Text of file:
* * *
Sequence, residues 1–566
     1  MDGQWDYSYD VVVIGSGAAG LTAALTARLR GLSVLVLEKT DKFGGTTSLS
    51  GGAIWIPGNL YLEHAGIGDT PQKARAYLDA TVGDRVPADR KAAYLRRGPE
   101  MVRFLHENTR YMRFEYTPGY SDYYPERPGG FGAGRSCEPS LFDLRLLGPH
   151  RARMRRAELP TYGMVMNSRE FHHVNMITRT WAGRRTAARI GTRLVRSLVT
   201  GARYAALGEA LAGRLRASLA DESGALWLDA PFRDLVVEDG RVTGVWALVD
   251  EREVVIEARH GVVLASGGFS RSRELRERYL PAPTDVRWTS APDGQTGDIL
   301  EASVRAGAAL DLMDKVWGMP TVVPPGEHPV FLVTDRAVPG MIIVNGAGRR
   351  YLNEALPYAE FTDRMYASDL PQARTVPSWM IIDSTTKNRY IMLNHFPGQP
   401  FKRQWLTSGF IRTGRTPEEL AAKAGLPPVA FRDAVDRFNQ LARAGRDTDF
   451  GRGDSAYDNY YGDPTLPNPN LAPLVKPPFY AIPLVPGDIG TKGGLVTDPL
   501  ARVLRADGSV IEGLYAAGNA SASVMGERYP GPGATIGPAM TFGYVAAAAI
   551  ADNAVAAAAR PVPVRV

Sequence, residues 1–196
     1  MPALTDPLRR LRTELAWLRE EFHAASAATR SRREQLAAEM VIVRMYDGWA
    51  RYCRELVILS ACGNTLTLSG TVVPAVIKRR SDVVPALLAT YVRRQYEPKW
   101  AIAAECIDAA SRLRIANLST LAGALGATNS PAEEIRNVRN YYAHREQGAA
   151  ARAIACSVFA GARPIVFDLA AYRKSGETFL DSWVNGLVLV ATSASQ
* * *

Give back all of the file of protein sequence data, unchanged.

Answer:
Sequence, residues 1–566
     1  MDGQWDYSYD VVVIGSGAAG LTAALTARLR GLSVLVLEKT DKFGGTTSLS
    51  GGAIWIPGNL YLEHAGIGDT PQKARAYLDA TVGDRVPADR KAAYLRRGPE
   101  MVRFLHENTR YMRFEYTPGY SDYYPERPGG FGAGRSCEPS LFDLRLLGPH
   151  RARMRRAELP TYGMVMNSRE FHHVNMITRT WAGRRTAARI GTRLVRSLVT
   201  GARYAALGEA LAGRLRASLA DESGALWLDA PFRDLVVEDG RVTGVWALVD
   251  EREVVIEARH GVVLASGGFS RSRELRERYL PAPTDVRWTS APDGQTGDIL
   301  EASVRAGAAL DLMDKVWGMP TVVPPGEHPV FLVTDRAVPG MIIVNGAGRR
   351  YLNEALPYAE FTDRMYASDL PQARTVPSWM IIDSTTKNRY IMLNHFPGQP
   401  FKRQWLTSGF IRTGRTPEEL AAKAGLPPVA FRDAVDRFNQ LARAGRDTDF
   451  GRGDSAYDNY YGDPTLPNPN LAPLVKPPFY AIPLVPGDIG TKGGLVTDPL
   501  ARVLRADGSV IEGLYAAGNA SASVMGERYP GPGATIGPAM TFGYVAAAAI
   551  ADNAVAAAAR PVPVRV

Sequence, residues 1–196
     1  MPALTDPLRR LRTELAWLRE EFHAASAATR SRREQLAAEM VIVRMYDGWA
    51  RYCRELVILS ACGNTLTLSG TVVPAVIKRR SDVVPALLAT YVRRQYEPKW
   101  AIAAECIDAA SRLRIANLST LAGALGATNS PAEEIRNVRN YYAHREQGAA
   151  ARAIACSVFA GARPIVFDLA AYRKSGETFL DSWVNGLVLV ATSASQ